government intervention to address market failure
Government Intervention to address Market Failure

Governments may try to reduce market failure

by intervening in a number of ways:

  • They make use legal measures to make markets more competitive.
government internvention legislation restricting market share
GOVERNMENT INTERNVENTIONLegislation Restricting Market Share
  • They may pass laws that do not permit mergers of takeovers that give an individual firm more than a certain percentage of the market. Eg: 25%.
  • They may also pass laws that do not permit mergers or takeovers that enable a specified number of the largest firms in an oligopoly to control more than a certain percentage of the market: Eg: The four largest firms may be restricted to 60%.
government internvention regulatory bodies
GOVERNMENT INTERNVENTIONRegulatory Bodies
  • Governments may also set up regulatory bodies to investigate markets where it is felt that the monopoly power is being used against the public interest.
  • For example most countries have some sort of “Monopolies Commission” or “Monopoly Watchdog”.
  • These bodies are empowered to take action of some kind or to recommend that the government should take action, if it can be shown that the pubic interest is being harmed.
standard level vs high level content market failure chapter
Standard Level vs High Level ContentMarket Failure Chapter
  • Standard level students do not need to understand the details of profit maximisation. They simply need to know that imperfect competition leads to lower output at higher prices and that the socially efficient equilibrium level of price and output is not reached.
types of market failure lack of public goods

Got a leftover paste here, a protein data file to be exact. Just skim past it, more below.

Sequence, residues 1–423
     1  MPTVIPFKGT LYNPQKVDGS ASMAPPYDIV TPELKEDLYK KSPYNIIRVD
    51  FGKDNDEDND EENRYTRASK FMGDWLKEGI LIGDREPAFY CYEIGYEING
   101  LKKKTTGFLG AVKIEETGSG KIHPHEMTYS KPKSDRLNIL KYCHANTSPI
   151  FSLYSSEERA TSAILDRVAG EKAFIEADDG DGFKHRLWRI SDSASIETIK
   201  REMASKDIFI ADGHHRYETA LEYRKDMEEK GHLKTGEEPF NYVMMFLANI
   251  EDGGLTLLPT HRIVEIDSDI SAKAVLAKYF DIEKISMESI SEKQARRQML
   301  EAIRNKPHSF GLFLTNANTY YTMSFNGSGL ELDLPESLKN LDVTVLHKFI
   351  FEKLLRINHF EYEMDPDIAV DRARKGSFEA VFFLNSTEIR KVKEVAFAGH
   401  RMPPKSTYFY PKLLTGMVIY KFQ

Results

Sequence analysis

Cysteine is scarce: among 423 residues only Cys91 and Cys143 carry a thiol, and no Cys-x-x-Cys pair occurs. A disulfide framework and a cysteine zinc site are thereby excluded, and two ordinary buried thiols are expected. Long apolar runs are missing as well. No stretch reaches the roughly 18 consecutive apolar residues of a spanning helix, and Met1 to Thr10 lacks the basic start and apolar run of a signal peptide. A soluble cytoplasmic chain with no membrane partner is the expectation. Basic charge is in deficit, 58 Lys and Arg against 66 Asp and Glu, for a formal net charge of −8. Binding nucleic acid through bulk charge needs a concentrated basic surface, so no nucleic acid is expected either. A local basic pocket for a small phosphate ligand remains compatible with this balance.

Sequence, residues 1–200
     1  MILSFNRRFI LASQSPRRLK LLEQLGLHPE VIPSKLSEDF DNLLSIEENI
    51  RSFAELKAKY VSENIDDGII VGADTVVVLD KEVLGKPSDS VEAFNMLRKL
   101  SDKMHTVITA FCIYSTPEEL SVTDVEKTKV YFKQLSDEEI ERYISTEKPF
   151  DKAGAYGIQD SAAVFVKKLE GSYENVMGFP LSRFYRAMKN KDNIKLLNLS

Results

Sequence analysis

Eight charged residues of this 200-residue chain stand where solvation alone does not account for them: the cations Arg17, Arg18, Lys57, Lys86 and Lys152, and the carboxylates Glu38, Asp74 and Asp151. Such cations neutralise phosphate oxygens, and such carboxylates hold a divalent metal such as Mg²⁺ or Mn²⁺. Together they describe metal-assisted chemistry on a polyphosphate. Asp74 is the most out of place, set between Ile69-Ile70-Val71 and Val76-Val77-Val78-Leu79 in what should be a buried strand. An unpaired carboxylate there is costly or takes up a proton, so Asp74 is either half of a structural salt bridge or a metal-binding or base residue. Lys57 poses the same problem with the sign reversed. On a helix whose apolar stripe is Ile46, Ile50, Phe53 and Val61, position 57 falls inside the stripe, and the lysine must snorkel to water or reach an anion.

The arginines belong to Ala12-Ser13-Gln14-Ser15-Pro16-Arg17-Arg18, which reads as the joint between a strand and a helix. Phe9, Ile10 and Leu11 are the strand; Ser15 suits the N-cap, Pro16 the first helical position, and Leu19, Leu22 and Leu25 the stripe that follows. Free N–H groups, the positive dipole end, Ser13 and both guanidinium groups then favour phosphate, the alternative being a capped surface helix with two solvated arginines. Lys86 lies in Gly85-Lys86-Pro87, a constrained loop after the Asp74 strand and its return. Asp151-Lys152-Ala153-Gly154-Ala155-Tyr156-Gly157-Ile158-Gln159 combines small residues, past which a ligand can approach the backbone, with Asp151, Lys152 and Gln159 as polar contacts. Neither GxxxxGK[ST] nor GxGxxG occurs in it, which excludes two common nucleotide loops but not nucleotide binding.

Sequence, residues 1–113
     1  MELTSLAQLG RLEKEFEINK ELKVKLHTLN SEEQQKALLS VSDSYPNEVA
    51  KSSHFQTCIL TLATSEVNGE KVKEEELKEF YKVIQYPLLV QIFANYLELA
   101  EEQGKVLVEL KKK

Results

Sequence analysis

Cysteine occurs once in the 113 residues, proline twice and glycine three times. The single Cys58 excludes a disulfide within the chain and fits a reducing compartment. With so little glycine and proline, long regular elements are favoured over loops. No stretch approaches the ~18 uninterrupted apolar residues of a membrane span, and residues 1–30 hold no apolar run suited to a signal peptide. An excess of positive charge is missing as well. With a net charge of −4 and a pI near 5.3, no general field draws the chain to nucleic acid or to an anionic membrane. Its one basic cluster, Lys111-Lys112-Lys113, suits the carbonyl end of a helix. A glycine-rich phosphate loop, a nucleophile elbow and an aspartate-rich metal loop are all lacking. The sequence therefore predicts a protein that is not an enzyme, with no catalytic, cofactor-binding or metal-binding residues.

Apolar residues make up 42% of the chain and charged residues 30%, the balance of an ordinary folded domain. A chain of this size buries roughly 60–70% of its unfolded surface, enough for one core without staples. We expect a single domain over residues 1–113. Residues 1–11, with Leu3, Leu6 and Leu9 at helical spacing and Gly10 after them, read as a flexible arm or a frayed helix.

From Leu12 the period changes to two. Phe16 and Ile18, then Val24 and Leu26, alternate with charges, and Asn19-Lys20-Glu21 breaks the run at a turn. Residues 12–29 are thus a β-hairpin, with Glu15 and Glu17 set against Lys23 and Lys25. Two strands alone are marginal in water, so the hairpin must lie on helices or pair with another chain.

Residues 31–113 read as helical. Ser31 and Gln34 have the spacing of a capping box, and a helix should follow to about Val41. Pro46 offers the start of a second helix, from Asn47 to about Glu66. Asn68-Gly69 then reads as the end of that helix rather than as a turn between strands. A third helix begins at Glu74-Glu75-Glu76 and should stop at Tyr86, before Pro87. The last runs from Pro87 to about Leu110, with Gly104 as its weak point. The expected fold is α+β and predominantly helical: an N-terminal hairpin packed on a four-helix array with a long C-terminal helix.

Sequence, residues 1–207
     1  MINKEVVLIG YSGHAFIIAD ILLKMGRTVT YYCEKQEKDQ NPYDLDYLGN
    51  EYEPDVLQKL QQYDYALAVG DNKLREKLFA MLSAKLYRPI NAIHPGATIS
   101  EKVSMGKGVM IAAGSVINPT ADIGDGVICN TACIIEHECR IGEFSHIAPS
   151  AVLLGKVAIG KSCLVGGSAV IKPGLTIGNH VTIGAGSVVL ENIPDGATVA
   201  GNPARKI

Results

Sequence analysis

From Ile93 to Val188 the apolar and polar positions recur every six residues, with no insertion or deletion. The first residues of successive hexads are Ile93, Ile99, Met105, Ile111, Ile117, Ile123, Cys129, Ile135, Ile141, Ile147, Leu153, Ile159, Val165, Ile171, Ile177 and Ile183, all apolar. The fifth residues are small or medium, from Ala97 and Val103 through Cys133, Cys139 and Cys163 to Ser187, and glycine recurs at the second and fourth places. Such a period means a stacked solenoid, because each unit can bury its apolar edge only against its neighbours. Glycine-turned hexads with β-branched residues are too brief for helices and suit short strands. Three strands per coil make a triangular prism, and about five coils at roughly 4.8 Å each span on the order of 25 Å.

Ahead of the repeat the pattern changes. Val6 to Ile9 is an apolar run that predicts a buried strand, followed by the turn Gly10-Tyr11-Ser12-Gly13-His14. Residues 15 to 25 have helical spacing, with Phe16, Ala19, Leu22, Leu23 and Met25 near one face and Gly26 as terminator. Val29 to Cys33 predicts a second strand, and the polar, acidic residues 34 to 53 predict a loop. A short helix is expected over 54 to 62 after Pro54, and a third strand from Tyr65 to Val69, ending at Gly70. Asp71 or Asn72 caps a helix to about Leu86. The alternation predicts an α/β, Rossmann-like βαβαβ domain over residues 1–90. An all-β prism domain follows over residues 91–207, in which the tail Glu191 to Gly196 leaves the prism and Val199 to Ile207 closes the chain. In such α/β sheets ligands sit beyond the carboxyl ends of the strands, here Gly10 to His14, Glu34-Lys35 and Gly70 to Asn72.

TYPES OF MARKET FAILURELack of Public Goods

What are public goods?

  • Public goods are goods that would not be provided at all in a free market.
  • Since they are goods that are of benefit to society, the lack of public goods in a free market is considered to be a market failure.
  • Examples of public goods would be national defence and flood barriers.
  • There is much debate about what is a public good and what is not
  • A number of goods often considered to be public goods could in theory be supplied by the free market, such as street lighting. Such goods are sometimes known as quasi public goods
types of market failure lack of public goods1
TYPES OF MARKET FAILURELack of Public Goods
  • The reasons that pubic goods will not be provided at in a free market is that they have two characteristics – they are non-excludable and non-rivalrous and that makes it pointless for private individuals to provide the goods themselves. If a good does not have both of these characteristics, then it is not a pubic good.
  • If a good is completely non-excludable and non-rivalrous, such as national defence, then it is called a pure public good
types of market failure lack of public goods2
TYPES OF MARKET FAILURELack of Public Goods

Non-Excludable

  • A good is said to be non-excludable if it is impossible to stop other people consuming it once it has been provided.
  • Eg: If a private individual erects a flood barrier to protect a house, the other people in the area may gain a benefit, even though they have paid nothing.
  • This is known as the free rider problem.
  • Logically, no one will pay for a flood barrier, in the hope that someone else will do it.
  • The good will not be provided by the free market.
types of market failure lack of public goods3
TYPES OF MARKET FAILURELack of Public Goods

Non-Rivalrous

  • Very similar concept to non excludable.
  • A good is said to be non-rivalrous when one person consuming it does not prevent another person from consuming it as well.
types of market failure lack of public goods4
TYPES OF MARKET FAILURELack of Public Goods

Governments may try to reduce this market

failure in a number of ways:

  • They may provide the public goods themselves. This is usually the case with national defence, road pavements, street lighting etc. The use of taxpayers money to fund the provision spreads the cost over a large number of people who would not be prepared to pay individually.
  • They may subsidise private firms, covering all costs, to provide the good.